FLUORIDE will be added to large parts of Scotland’s water supply as part of a controversial compromise plan by the Scottish executive to mass medicate children.
Labour ministers, who have faced widespread opposition to blanket fluoridation, will instead give health boards the power to order Scottish Water to add the chemical to supplies following public consultation.
The decision to allow the widespread use of fluoride -which has been shown to prevent tooth decay -follows figures released last week showing that 55% of five-year-olds in Scotland have rotten teeth.
However, the move, due to be announced this autumn, will face criticism from health campaigners who claim the chemical can cause tooth mottling and brittle bone diseases.
The “postcode” fluoridation strategy, which would bring Scotland’s dental policy in line with a recent policy shift in England, is being driven by Tom McCabe, the deputy health minister.
As well as offering the potential to improve public health, sources close to him say it could avoid a damaging coalition split between Labour and the Lib Dems, who oppose fluoridation.
Under the plan, children in deprived Labour heartland areas, such as Glasgow and Lanarkshire, could be given fluoride to protect their teeth, while people in more prosperous Lib Dem areas could reject use of the chemical.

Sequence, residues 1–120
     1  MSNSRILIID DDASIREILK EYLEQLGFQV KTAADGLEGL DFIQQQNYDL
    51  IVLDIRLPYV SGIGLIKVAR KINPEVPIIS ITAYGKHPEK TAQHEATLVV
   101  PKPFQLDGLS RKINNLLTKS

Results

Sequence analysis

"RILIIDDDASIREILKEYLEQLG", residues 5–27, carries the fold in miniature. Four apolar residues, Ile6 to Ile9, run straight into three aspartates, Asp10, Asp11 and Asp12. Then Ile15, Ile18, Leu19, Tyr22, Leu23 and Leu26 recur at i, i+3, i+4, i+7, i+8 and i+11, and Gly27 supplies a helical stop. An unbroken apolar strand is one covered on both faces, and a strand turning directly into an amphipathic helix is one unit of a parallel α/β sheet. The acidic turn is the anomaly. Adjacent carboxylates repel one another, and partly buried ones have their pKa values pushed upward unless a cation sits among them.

Health groups claim that compulsory fluoridation is the best way to improve Scotland’s dismal dental health record, which ranks among the worst in Europe.
They support radical action to deal with high levels of decay among children who consume sugary drinks and neglect to brush their teeth.
However, the executive is likely to face stiff resistance from the public. An executive consultation paper, published in 2002, which floated the option of adding fluoride to all Scottish water supplies, attracted more than 7,500 complaints from Scots. It was the biggest backlash since the section 28 debate over the promotion of homosexuality in schools.
Last night opposition politicians warned against McCabe’s compromise, and voiced doubts about how meaningful local consultation would be.
Shona Robison, the SNP’s health spokeswoman, condemned ministers for passing the buck and accused them of removing parental choice.
“This is about avoiding having to take responsibility for decisions. There needs to be clarity about what consultation means,” she said. “Does it mean a referendum or is it consultation in the style of health boards, which will leave people more than a little concerned given their track record on hospital closures.”
Robison said regular dental checks were vital to stop the spread of decay and gum disease and that, with the number of dentists in Scotland declining, the executive must look at ways to ensure more people enter the profession.
Banning the advertising of unhealthy sweets to children and removing fizzy drinks from school vending machines could also help, she said.
Other options include handing out more free toothpaste and toothbrushes to schoolchildren and initiating a dental hygiene campaign in all schools.
Ministers are also understood to be exploring whether fluoride should be added to milk given to young children in schools and nurseries.